Breathing may change your mind about free will
Is free will just an illusion? For decades, a signal from the brain called the “readiness potential” has been interpreted to mean that free will may be an illusion. Backed by signals from the brain and lungs, EPFL scientists have discovered that the readiness potential is in fact coupled to breathing and that acts of free will happen as you exhale – providing an unexpected perspective on free will.
Have you ever gone ahead and eaten that piece of chocolate, despite yourself?
Do you inadvertently make decisions because you are hungry or cold? In other words, does the brain’s processing of internal bodily signals interfere with your ability to act freely?
This line of thinking is at the heart of research that questions our ability to act on thoughts of free will. We already know that inner body signals, like the heartbeat, affect our mental states, can be used to reduce the perception of pain and are of fundamental importance for bodily self-consciousness.
Thanks to a new discovery, it turns out that these inner body signals do indeed affect acts of volition.
Scientists at EPFL in Switzerland have shown that you are more likely to initiate a voluntary decision as you exhale. Published in today’s issue of Nature Communications, these findings propose a new angle on an almost 60-year-old neuroscientific debate about free will and the involvement of the human brain.
“We show that voluntary action is indeed linked to your body’s inner state, especially with breathing and expiration but not with some other bodily signals, such as the heartbeat,” explains Olaf Blanke, EPFL’s Foundation Bertarelli Chair in Cognitive Neuroprosthetics and senior author.
At the center of these results is the readiness potential (RP), a signal of brain activity observed in the human cortex that appears not only before voluntary muscle movement, but also before one becomes aware of the intention to move. The RP is the signature of voluntary action since it consistently appears in brain activity measurements right before acts of free will (like being aware that one wants to reach for the chocolate).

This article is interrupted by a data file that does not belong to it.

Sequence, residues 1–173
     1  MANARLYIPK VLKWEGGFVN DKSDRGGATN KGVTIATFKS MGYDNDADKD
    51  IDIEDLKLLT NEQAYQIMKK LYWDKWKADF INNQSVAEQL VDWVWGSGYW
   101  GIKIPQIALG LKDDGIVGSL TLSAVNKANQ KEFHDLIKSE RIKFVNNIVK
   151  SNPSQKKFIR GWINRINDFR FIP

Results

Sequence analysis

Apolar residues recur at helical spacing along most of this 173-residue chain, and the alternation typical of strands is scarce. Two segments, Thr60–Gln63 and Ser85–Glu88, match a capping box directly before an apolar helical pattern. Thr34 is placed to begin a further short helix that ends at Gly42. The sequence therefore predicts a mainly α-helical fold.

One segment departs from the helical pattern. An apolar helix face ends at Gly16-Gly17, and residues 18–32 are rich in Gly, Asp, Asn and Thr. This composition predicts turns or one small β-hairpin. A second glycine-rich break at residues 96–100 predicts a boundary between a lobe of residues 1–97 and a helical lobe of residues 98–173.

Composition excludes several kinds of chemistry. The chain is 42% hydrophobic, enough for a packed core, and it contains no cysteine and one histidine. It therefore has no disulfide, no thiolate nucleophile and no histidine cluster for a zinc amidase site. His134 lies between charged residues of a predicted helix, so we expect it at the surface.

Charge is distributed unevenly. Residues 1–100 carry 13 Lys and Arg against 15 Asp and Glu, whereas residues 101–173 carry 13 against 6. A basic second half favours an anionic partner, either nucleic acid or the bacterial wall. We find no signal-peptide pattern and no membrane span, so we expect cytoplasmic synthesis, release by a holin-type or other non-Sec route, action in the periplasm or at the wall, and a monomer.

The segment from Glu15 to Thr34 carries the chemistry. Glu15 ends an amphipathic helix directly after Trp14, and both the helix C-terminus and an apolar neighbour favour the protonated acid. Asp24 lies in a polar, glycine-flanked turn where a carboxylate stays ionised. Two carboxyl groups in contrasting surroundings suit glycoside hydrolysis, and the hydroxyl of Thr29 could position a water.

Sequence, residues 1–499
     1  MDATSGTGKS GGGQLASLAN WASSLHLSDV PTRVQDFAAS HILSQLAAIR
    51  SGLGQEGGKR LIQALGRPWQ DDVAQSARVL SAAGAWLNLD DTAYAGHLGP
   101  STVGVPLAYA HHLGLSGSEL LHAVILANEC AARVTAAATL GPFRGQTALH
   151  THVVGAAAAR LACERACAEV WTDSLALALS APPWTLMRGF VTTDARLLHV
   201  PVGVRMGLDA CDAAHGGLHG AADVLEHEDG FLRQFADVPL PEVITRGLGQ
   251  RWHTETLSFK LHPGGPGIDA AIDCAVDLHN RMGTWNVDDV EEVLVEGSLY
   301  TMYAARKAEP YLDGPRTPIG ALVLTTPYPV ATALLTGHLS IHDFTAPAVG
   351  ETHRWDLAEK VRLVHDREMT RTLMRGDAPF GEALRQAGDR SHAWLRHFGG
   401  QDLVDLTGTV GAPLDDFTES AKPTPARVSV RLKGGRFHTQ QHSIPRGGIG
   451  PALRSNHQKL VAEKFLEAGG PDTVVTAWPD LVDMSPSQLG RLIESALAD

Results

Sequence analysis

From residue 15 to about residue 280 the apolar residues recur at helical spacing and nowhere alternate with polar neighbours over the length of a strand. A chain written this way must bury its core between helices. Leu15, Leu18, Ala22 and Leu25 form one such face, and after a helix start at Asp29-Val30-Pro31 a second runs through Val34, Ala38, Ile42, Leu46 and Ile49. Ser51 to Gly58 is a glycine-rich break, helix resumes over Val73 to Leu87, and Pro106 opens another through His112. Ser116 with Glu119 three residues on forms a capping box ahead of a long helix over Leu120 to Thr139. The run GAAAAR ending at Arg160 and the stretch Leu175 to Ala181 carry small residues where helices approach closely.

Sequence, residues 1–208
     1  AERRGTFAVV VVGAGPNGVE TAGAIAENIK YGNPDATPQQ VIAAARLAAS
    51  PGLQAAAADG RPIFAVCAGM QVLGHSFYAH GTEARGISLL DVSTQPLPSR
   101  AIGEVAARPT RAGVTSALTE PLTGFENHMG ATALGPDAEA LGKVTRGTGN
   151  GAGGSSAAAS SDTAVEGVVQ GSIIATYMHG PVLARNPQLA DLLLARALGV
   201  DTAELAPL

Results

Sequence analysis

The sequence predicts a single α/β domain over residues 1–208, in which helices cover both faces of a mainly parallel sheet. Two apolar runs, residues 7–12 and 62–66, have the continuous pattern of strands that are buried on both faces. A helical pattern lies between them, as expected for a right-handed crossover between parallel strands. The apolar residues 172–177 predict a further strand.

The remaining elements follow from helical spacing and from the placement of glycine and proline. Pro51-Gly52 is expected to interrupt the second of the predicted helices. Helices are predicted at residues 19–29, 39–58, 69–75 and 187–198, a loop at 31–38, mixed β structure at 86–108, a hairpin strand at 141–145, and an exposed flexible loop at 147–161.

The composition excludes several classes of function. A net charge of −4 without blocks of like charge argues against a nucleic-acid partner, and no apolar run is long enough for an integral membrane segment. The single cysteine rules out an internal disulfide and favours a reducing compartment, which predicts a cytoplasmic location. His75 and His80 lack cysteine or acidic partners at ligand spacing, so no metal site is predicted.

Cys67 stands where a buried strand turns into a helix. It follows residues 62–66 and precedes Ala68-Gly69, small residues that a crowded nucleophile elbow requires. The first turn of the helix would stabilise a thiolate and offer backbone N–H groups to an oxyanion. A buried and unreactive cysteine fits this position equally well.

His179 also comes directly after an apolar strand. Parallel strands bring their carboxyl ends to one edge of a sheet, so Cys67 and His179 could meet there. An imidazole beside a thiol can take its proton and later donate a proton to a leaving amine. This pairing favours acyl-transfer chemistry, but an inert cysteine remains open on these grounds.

Interpretations of the RP have been debated for decades. Some interpret the RP to show that free will is an illusion, since the RP precedes the conscious experience of free will. It seems to show that the brain commits to a decision (chocolate) before we are even consciously aware of having made that decision. [See box The readiness potential and interpretations.]
More recently, it was suggested that the RP could be an artefact of measurement, potentially putting free will back into our command. But if we take on the view that our conscious decisions arise from a cascade of firing neurons, then the origin of the RP may actually provide insight into the mechanisms that lead to voluntary action and free will. The way the brain’s neurons work together to come to a decision is still poorly understood. [See hidden patterns of brain activity unveiled by higher dimensional algebraic topology.] Our conscious experience of free will, our ability to make decisions freely, may then be intricately wired to the rest of our body. [See box Acts of free will and inner states of the body]
The EPFL results suggest that the origin of the RP is linked to breathing, providing a new perspective on experiences of free will: the regular cycle of breathing is part of the mechanism that leads to conscious decision-making and acts of free will. Moreover, we are more likely to initiate voluntary movements as we exhale. (Did you reach for that piece of chocolate during an exhale?)
These findings suggest that the breathing pattern may be used to predict ‘when’ people begin voluntary action. Your breathing patterns could also be used to predict consumer behavior, like when you click on that button. Medical devices that use brain-computer interfaces could be tuned and improved according to breathing. The breathing-action coupling could be used in research and diagnostic tools for patients with deficits in voluntary action control, like obsessive compulsive disorders, Parkinson disease, and Tourette syndromes. Blanke and Hyeong-Dong Park, first author of this research, have filed a patent based on these findings.
Free will hijacked by interoceptive signals?
More generally, the EPFL findings suggest that acts of free will are affected by signals from other systems of the body. Succumbing to that urge to eat chocolate may depend more on your body’s internal signals than you may realize!
Blanke elaborates, “That voluntary action, an internally or self-generated action, is coupled with an interoceptive signal, breathing, may be just one example of how acts of free will are hostage to a host of inner body states and the brain’s processing of these internal signals. Interestingly, such signals have also been shown to be of relevance for self-consciousness.”
You may be tempted to blame acts of chocolate binging on interoceptive electrical signals hijacking your free will. The gut-mind connection is an active field of research and interoceptive messages sent to the brain certainly impact food cravings. For now, this latest EPFL research only improves predictions of when you will indulge in that craving, and not what you actually crave.
Breathing is coupled with voluntary action and the cortical readiness potential
Hyeong-Dong Park, Coline Barnoud, Henri Trang, Oliver A. Kannape, Karl Schaller & Olaf Blanke